All that being said, there are things that might not ring true. Some of the things that Gabe thinks might seem a little precocious and more believable coming from an older kid. He also tends to over analyze things and thus this might work better for adults to watch and remember how they were at this age. Yet the good here far outweighs the…maybe not quite so good. The sound track is great and this is the first film that actually makes me want to visit NYC where it was entirely filmed. The city – or the parts of it shown here – are gorgeous and even without the information in the commentary it’s obvious that the director/screenwriters love it and know it well. I also enjoyed how they included several elements from the city in one scene during which Gabe “sees” all the things he wishes he’d said to Rosemary which are shown in the form of theater marquees, graffiti, and advertising on buses. It definitely seems like a New York touch to the story. And though Gabe and Rosemary might not end up together, there is the possibility of another HEA here for Gabe’s parents who have been on the verge of divorce but might be pulled back from it after Gabe’s father (Bradley Whitford) decides to use some of the advice he gives Gabe to woo back his (still) wife Leslie (Cynthia Nixen).

Cute, sweet, or quirky are all words that could describe the film but it’s an innocent version of them rather than an overdone corny one. Hutcherson and Ray are both darling and fabulous in their roles. It’s hard to believe that this was Ray’s first movie. Oh, and watch for their karate instructor, too. He’s extremely phwoar worthy. This is also a movie that can entertain several generations of viewers since it’s relatively free of swear words or sex. And it just might take adults back to their own childhood of the awkward beginnings of the exploration of love. B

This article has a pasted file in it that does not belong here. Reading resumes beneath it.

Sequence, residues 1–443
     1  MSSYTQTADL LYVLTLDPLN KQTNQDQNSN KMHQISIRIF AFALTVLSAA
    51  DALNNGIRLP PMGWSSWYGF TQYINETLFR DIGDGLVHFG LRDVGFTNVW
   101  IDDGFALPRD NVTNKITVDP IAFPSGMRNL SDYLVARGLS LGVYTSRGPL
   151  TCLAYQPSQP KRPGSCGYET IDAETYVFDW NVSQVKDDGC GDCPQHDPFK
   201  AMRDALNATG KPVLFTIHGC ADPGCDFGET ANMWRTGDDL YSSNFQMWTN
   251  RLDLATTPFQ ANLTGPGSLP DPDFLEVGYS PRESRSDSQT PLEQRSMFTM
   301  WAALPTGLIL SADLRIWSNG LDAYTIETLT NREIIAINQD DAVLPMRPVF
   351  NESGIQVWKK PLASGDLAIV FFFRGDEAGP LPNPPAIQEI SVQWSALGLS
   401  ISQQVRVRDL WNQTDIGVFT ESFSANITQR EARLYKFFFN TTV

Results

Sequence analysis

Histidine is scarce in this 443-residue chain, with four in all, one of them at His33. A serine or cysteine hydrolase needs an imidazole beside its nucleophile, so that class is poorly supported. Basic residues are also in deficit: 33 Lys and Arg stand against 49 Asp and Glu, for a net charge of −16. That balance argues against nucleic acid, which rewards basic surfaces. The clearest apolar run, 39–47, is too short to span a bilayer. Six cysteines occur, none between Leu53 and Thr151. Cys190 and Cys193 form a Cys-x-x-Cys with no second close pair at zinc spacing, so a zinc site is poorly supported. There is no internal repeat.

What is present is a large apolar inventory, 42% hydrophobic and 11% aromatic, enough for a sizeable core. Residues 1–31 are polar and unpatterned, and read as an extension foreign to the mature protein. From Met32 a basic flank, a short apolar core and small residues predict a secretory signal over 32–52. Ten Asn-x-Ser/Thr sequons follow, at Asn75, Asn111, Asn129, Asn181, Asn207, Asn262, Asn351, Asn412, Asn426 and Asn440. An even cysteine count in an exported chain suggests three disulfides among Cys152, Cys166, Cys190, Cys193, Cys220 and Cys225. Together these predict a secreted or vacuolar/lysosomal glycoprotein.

~Jayne

Friday Film Review: Geordie

Friday Film Review: Geordie

Geordie (1955) (aka Wee Geordie)
Genre: sweet romance/athletics
Grade: sentimental B

“Come away wee Geordie!”

Marianne McA mentioned this film in the comments on “I Know Where I’m Going” as one she fondly remembered. I checked into it then but at the time it was unavailable to me to watch and, frankly, I sort of forgot about it since then until I revisited that review. Following up, I discovered that it has since been released on DVD and is a rental at Netflix. Now I can say I see what she sees in it.

Wee Geordie Mac Taggart (Bill Travers of “Born Free” fame) is a small boy growing up in the glens of Highland Scotland. Tired of comments on his height – or lack of it – he sees an advert in the evening paper his father is reading one night and sends off for the body building kit being sold by Henry Samson (Francis De Wolff). Faithfully following the program of exercises and clean living – No Smoking. No Drinking – over the years he grows into a gentle giant of a lad. Working with his gamekeeper father (Jameson Clark) for the local Laird (Alastair Sim) his ambitions are only to finish the masters course devised by Samson and court his childhood friend Jean (Norah Gorsen).